Learning By Doing Makes Economic Sense

As seen on The Australian Financial Review:


Learning By Doing Makes Economic Sense

Opinion

Robert Lundy and Ken Buckle


 

Over 20 years ago, the International House at the University of New South Wales began a unique approach by focusing on the concept of “Learning by Doing”.   The main idea of this approach is to enhance the student’s learning through experiential activities. If the purpose of a university experience is to teach students, then why not use the residential college as a practical, hands-on learning laboratory?   Why not use the activities that occur naturally in the college as an opportunity for residents to apply the ideas taught in the classroom and develop new skills that will better equip them to undertake their first career job and enter the labour market?

The goal at International House is to involve the residents in as many activities as possible so that they can learn by doing.   The focus is not on producing the best outcome, but providing as many learning experiences as possible. Employers are looking for graduates with real-world capabilities. Learning by doing provides valuable real-world experiences that will make the students more employable in the rapidly changing workplace.

While academic qualifications are important, employers are also looking for people with skills that are often hard to measure.  Employers want people that are good communicators, capable of teamwork and with cross-cultural understanding and experience.  At International House residents have a unique opportunity to gain real-world experiences that will better prepare them for their future careers.

Engaging the residents in the management and activities of the College has additional benefits.   The goal is to motivate the students to work with the staff in a cooperative way not because they are paid but because they truly want to get involved and make the community in which they live in a better place.  Hopefully the experiences they obtain will not only be good for their future career prospects but will make them better people.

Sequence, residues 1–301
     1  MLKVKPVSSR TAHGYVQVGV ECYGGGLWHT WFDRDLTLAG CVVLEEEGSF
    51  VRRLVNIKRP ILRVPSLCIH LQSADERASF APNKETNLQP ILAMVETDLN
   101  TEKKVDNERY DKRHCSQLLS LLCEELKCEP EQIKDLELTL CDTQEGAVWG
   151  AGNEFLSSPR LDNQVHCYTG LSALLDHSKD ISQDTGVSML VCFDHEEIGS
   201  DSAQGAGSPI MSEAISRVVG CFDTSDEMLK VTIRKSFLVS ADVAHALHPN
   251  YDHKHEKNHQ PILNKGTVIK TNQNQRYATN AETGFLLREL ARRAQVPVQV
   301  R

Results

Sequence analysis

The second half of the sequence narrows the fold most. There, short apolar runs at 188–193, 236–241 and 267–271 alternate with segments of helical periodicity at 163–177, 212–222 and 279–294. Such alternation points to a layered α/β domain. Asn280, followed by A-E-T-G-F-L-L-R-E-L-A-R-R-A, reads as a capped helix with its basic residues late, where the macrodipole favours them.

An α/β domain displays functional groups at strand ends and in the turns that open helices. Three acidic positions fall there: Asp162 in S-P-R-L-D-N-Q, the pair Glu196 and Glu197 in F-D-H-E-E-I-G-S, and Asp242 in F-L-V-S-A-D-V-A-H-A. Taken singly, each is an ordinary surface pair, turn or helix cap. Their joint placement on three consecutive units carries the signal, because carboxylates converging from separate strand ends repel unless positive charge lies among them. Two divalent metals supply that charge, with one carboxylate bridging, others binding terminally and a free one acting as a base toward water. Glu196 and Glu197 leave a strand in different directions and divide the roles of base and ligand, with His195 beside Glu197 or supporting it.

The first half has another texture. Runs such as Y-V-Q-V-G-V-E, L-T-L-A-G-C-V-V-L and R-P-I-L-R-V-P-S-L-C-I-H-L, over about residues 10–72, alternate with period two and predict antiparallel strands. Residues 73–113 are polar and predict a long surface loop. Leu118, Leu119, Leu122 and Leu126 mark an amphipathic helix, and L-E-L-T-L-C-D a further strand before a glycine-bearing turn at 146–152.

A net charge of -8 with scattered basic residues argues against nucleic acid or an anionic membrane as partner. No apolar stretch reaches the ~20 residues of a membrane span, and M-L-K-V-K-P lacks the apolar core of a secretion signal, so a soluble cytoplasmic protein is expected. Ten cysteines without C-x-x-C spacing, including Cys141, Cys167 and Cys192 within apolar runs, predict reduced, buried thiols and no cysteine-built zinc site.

The key to this bottom-up management structure is empowerment.   By being involved the residents view the College in an entirely different perspective.  The College is not just a place to sleep, eat and have some fun; it is home.  Residents do not abuse the facilities, they take care of it and they take an active interest in the welfare of the other residents.

That’s the theory. But what does this mean at the practical level? At International House at the University of New South Wales, the Executive Committee of the Residents’ Society works with the Master to establish policies and procedures for the College.  The Seniors perform administrative duties in the evenings and weekends when the office is closed.

The IT Support Team provide computing services and support to the residents as well as the office staff.   They designed and maintain the College website and just recently they launched a new website.  They also created the International House resident/alumni database system and this year’s team will be responsible for negotiating a new contract with the internet service provider. Ex-residents of the House serve as backup IT support as needed. Architecture students become involved in renovations to the building.  Accounting and finance students work with the Master on the budget and the setting of room and board fees.   The Social, House and Food Service committees work very closely with the staff to improve the quality of the services and activities of the House.

 

Besides practicing what they are learning in the classroom “Learning By Doing” provides the students the opportunity to develop essential interpersonal skills that are difficult if not impossible to teach.  Skills such as effective communication and leadership, negotiation and decision making, team work and group effectiveness and most importantly cross-cultural understanding.

Involvement of the residents not only creates a wonderful caring and learning environment it also reduces operating cost and enables the College to keep room and board fees lower than would otherwise be the case.  The room and board fees, for the full academic year, at International House are $10,630 which is $266 per week.   International House is probably the most affordable full-board residential college in Australia while remaining very profitable.  Last year the operating surplus was 34 per cent of the total income and if you only include the fees from the residents then the surplus was 22 per cent.

 “Learning By Doing” not only provides excellent learning opportunities for students, it makes good economic sense.

Dr Robert C Lundy Emeritus Professor Ken Buckle
Master & CEO Deputy Chairman
UNSW International House UNSW International House

 

 

Dr Robert Lundy is Master and CEO of UNSW International House.  Emeritus Professor Ken Buckle is Deputy Chairman of UNSW International House

 

The above article was printed in the Australian Financial Review, Education Section on Monday 22 September 2014.